House Hunting in the West Bank

It's Benjamin Netanyahu's fault. Because of his insistence on allowing for "natural growth" of West Bank settlements, I decided to go real-estate shopping. I called Amana, the settlement-building organization, and said I was interested in homes in Binyamin, the name used by settlers and Israeli officialdom for the piece of the West Bank directly north of Jerusalem.

The sales rep was so helpful I could hear her smile. At Shilo, a 30-year-old settlement north of Ramallah, construction has recently begun on a new development. For about $160,000, she said, I could get a 1,200-square-foot house. To American ears, that sounds small, but for a Jerusalem apartment-dweller, it would be a step up. Besides, that's a starter home; I could add a second floor now or later, she said.

At Eli, just up the road from Shilo, she offered homes in the center of the settlement and in outlying "neighborhoods." In Hayovel, for instance, she had a house for $115,000, with a completed first floor and the outer shell for the second floor. She didn't mention that the "neighborhood" of Hayovel is an illegal outpost, built partly on private Palestinian land. She offered me a similar house at a settlement called Ma'aleh Mikhmash. I thanked her and said I'd talk to my wife.

Ma'aleh Mikhmash happens to be where Knesset Member Otniel Schneller lives. Schneller, a former settlement leader, braved the criticism of the right to join the centrist Kadima Party. But at a recent meeting of Kadima's Knesset delegation, he reportedly attacked President Barack Obama's insistence on a full freeze on settlement building with no exceptions for "natural growth."

The U.S. demand was "immoral," Schneller said. He refused to agree to what he termed "an edict forbidding my daughters to give birth to my grandchildren." And Schneller belongs to a party that refused to join Netanyahu's coalition. Members of Netanyahu's Cabinet have been more caustic. Science Minister Daniel Hershkowitz said that Obama's demand was akin to "Pharaoh's demand that all firstborn sons be thrown into the Nile River."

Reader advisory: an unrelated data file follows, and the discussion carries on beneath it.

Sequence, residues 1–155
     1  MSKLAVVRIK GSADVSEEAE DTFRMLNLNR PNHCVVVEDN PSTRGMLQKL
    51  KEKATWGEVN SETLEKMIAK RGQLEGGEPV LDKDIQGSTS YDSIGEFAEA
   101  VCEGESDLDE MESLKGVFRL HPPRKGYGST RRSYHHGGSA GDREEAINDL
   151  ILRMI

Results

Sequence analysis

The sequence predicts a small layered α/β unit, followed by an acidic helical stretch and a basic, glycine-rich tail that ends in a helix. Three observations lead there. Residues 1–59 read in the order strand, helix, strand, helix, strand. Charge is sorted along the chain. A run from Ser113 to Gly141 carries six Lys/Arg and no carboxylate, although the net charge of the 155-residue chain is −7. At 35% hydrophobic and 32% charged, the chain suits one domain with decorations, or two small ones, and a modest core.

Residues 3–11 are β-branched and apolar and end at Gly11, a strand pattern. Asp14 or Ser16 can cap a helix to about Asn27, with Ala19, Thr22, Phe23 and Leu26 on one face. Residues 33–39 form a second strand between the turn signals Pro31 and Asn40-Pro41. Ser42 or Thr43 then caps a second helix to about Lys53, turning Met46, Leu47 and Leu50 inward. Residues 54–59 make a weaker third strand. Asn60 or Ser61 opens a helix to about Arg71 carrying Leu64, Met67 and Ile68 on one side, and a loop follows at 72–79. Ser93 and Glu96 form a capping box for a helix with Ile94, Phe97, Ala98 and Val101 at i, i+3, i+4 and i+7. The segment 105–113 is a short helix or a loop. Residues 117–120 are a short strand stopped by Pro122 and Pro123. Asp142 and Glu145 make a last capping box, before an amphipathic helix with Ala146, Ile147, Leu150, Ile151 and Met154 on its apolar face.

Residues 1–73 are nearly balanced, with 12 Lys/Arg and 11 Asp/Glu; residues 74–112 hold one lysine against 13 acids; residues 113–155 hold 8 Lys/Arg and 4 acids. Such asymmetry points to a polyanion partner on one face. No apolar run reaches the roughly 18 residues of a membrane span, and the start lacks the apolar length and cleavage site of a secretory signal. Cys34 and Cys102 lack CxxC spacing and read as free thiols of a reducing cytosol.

To call this nonsense would be too forgiving. It is one part of the multilayered lie about "natural growth" of settlements.

Barack Obama has not demanded that women in settlements stop having babies. Rather, he has insisted that Israel stop construction in settlements, in line with its commitments under the 2003 road map for peace -- in line, in fact, with American opposition to settlement building since 1967. Consistent with the road map, and with the 2001 report written by George Mitchell, now Obama's Middle East envoy, the president has rejected Israeli insistence that construction continue to allow for "natural growth" of the settler population.

The deliberate twisting of Obama's stance is aimed at both a domestic and American audience. And it has confused some otherwise astute observers. Rep. Gary Ackerman, a Democrat from New York and chair of the House Subcommittee on the Middle East, said in press statement on Tuesday that he supported a settlement freeze but not one that "calls on Israeli families not to grow [or] get married. Telling people not to have children is unthinkable and inhumane."

Don't worry, Mr. Ackerman: The president is not talking about universal contraception for Israeli settlers. If there's any logic behind the rhetoric of Schneller, Hershkowitz, et al., it's a claim that people have the natural right to have a larger home in the same community if they expand their families, and to have their grown children live down the street. Why should that be true? West Bank settlements aren't ancient communities in isolated valleys hundreds of miles from the nearest town. They are recently established bedroom communities, within commuting distance of Israeli cities -- where many settlers in fact work.